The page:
When we meet another person and something connected with our karma takes place between us, then some impulse of our true ego enters into us. But what in us we call our ego, what we designate by that word, is only a reflection. And through the very fact of experiencing this ego merely as a reflection in this fifth post-Atlantean epoch, we are being made ready to experience the ego in a new form in the sixth epoch. It is characteristic of this age of the consciousness soul that the human being has his ego only as reflection, so that he may enter the coming age of the Spirit-Self and be able to experience the ego in a new form, a different form. But he will experience it in a manner that now in our time would be unpleasant. Today he would call it anything but “ego,” what is going to appear to him as his ego in the coming sixth post-Atlantean epoch! People in the future will seldom have those mystical inclinations that are still experienced by some individuals today, to commune with themselves in order to find their true ego—which they even call the Divine Ego. They will have to accustom themselves to seeing their ego only in the outer world. The strange situation will come about that every person we meet who has some connection with us will have more to do with our ego than anything enclosed in our own skin will have to do with it. We are heading toward a future age in which a person will say to himself: My self is out there in all those whom I meet; it is least of all within me. While I live as a physical human being between birth and death, I receive my self from all sorts of things, but not from what is enclosed in my skin. This seeming paradox is already being indirectly prepared by the fact that people begin to feel how little they themselves really are in the reflection which they call their ego. I remarked recently that anyone can discover the truth about himself by reviewing his own biography—factually—and asking himself what he owes since birth to this person or that. In this way he will gradually resolve himself into influences coming from others; and he will find extraordinarily little in what he usually considers his real ego (but which is really only its reflection, as has been said).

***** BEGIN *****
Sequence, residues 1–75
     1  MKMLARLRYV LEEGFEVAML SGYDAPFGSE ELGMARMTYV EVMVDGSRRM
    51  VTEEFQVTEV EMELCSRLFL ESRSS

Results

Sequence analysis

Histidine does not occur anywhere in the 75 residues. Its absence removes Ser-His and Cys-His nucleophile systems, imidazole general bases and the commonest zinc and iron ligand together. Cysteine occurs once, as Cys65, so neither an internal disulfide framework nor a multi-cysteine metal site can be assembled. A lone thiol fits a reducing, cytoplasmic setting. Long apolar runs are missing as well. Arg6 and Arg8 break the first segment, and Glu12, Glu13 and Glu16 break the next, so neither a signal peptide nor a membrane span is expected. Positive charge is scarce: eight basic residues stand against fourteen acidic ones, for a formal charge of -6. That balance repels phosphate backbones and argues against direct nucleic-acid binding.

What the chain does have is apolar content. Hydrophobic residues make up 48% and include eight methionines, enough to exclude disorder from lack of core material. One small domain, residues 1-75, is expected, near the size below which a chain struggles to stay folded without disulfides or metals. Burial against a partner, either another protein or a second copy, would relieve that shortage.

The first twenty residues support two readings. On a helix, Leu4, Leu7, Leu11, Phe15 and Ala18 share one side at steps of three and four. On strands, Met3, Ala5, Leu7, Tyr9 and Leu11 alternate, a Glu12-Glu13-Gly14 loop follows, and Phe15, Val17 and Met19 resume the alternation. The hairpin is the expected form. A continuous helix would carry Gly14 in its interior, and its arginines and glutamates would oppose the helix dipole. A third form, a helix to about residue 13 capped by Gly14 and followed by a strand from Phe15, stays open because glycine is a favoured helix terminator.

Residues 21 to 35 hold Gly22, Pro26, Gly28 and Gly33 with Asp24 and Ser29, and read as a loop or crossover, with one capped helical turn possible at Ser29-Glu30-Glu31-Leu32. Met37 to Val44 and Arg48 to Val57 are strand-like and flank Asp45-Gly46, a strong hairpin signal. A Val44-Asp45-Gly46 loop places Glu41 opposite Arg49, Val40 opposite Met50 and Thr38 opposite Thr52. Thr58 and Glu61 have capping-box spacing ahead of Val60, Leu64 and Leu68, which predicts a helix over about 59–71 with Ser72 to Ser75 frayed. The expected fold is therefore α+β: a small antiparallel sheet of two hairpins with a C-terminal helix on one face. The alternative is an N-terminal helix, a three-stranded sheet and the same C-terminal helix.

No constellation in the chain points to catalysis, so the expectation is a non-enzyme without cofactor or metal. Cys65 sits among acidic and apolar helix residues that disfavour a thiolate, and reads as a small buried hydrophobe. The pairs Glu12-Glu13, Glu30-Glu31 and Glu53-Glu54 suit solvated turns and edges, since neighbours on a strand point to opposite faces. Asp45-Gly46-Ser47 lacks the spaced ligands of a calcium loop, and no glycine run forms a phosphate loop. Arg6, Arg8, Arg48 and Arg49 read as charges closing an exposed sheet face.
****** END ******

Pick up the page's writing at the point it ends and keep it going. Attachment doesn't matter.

Speaking somewhat grotesquely, we may say: At the time that the Mystery of Golgotha took place, the human being was hollowed out; he became hollow. And it is important that we learn to recognize the Mystery of Golgotha as an Impulse that has a reciprocal relation to this hollowed-out condition of man. If we speak truly, we must make it clear that the hollow space in man, which indeed could be found still earlier—let us say, in the Egypto-Chaldean royal Mysteries—had to be filled up in some way. In that ancient time it had been partly filled by the real ego; but this now comes to a stop at birth—or at latest, in early childhood; there is some evidence of its presence in the first years of childhood. This hollow space has been filled by the Christ Impulse. There you have the true process.